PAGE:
The Trump Administration’s Apprenticeship Strategy Leads to a Dead End

The idea that apprenticeship programs, especially for industries that hire people with skills in science, technology, engineering, and math (STEM skills), is widely accepted and promoted, so the Trump proposal is not out of the mainstream of thinking about barriers to employment and wage growth.  However, expecting much of an impact on employment and wage growth from the Trump administration’s turn of attention to apprenticeship programs will only hand you disappointment.

Over the last several decades, American business and government support for workforce training has declined dramatically, as shown by declining funding levels.

At a time when employers are struggling to find the skilled workers they need to fill available jobs, funding to train workers has dropped dramatically. Since just 2010, federal education and training programs have been cut by more than $1 billion.

Federal funding webpage, National Skills Coalition.  Accessed June 15, 2017.

The incidence of training in the previous 12 months fell roughly 28 percent overall during the period between 2001 and 2009. The results show that the decline in employer-paid training was wide-spread, affecting most industries, occupations, and demographic groups.

Jeff Waddoups, Did Employers in the United States Back Away from Skills Training during the Early 2000s? Seminar Invitation, Center for Work, Organization, and Wellbeing, Griffith University.  Accessed June 15, 2017.

The Trump administration’s proposal does not restore former levels of funding, much less move America to a new level of support for apprenticeship programs.  The reason is in plain sight, but studiously “undiscovered” by political and business leaders: American businesses are no longer dependent on a skilled American workforce; dozens of high and middle affluence nations are training skilled workers who then seek work through globally organized recruiting institutions, and then either migrate across national boundaries to workplaces or work across national boundaries without physically moving.  In most cases, American businesses can offer these globally available skilled workers more of what they want than can businesses in most other nations, so American businesses generally get the workers they really need.

In addition to sourcing skilled workers from a rapidly growing global pool of skilled workers, American businesses are turning to a rapidly growing supply of robots that are becoming increasing skilled with each passing month and decreasingly costly to own.  Robots may not yet be able to take over all skill intensive activities of workers, but competent management teams can (and do) orchestrate teams of human workers and robots so as to hold human staffing steady or even reduce it while still increasing output.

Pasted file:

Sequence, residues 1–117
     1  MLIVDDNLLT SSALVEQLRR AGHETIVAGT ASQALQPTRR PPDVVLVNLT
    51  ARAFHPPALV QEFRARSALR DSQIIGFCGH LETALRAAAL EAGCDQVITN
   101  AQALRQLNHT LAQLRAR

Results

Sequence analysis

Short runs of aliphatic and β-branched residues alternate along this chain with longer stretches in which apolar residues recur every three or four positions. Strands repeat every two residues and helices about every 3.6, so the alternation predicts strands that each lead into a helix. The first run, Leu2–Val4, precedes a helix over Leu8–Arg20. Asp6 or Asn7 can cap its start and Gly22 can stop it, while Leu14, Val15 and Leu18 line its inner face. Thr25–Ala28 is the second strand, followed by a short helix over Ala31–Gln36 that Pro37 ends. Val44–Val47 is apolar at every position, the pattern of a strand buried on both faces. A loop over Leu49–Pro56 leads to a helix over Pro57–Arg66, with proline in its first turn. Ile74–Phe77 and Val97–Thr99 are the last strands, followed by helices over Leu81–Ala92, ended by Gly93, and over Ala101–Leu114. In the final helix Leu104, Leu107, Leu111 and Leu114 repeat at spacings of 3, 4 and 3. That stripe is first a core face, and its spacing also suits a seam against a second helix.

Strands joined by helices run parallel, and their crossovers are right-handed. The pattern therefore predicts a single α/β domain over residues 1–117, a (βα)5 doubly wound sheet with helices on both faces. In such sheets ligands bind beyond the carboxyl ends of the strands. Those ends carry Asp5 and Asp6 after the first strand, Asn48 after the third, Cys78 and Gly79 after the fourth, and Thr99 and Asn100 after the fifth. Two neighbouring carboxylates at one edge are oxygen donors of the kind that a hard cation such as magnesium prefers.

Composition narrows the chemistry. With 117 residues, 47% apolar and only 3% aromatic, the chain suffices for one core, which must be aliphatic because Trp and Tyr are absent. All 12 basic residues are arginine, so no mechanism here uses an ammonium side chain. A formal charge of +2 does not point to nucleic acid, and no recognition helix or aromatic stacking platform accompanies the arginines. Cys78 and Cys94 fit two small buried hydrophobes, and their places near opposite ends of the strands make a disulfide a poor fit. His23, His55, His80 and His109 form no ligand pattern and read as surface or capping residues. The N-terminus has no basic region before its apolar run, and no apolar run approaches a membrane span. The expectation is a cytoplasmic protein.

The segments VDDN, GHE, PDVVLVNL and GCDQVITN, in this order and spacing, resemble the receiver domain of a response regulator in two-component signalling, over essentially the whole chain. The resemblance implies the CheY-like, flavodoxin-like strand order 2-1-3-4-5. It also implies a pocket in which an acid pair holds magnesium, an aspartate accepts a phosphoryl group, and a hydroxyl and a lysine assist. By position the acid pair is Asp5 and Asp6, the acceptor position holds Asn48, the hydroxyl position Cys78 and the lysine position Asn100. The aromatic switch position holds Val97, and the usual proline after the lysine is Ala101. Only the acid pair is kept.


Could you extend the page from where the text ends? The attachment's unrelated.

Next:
These are the stubborn 21st century realities that no feasible set of U.S. policies can undo or overcome.  Despite the widely held belief to the contrary, we are actually living in a world economy weighed down by an oversupply of skilled labor.  Fortunately, this fact becomes more apparent with every passing day, but, unfortunately, for a very disturbing reason.  As skilled workers around the world are pushed out into the cold because of oversupply with no employment prospects that match the expectations they were told to have, more and more are turning their talents to cyber crime, to designing murderous weapons on an ad hoc basis, and to building terrorist organizations.

A Background Note

The use of apprenticeships and recognizing the value in them goes back thousands of years.  More relevantly, U.S. states have long recognized the value of apprenticeship programs and supported and promoted them through legislation; the federal government has done so since 1937.

Since time immemorial, people have been transferring skills from one generation to another in some form of apprenticeship. Four thousand years ago, the Babylonian Code of Hammurabi provided that artisans teach their crafts to youth.

History of Apprenticeship, Washington State Department of Industries.  Accessed June 15, 2017.

Since 1937, the Bureau of Apprenticeship and Training has worked closely with employer and labor groups, vocational schools, state apprenticeship agencies, and others concerned with apprenticeship programs in U.S. industry. It has field representatives in the 50 States.

History of Apprenticeship, Washington State Department of Industries.  Accessed June 15, 2017.

The point, of course, is that there is nothing new and noteworthy in the Trump administration’s apprenticeship proposal.  They are just trotting out old ideas that seem new because they have been pushed aside long enough for many American’s to think they are seeing something new and untried.

Robotics, Artificial Intelligence (AI), and the New Era of Labor Exploitation and Coercion

SOURCE ITEMS

But salaries higher than those offered last year might not be part of the deal. … Gardner said about a third of employers surveyed plan to raise salaries this year, compared with 60 percent to 70 percent before the 2008 recession.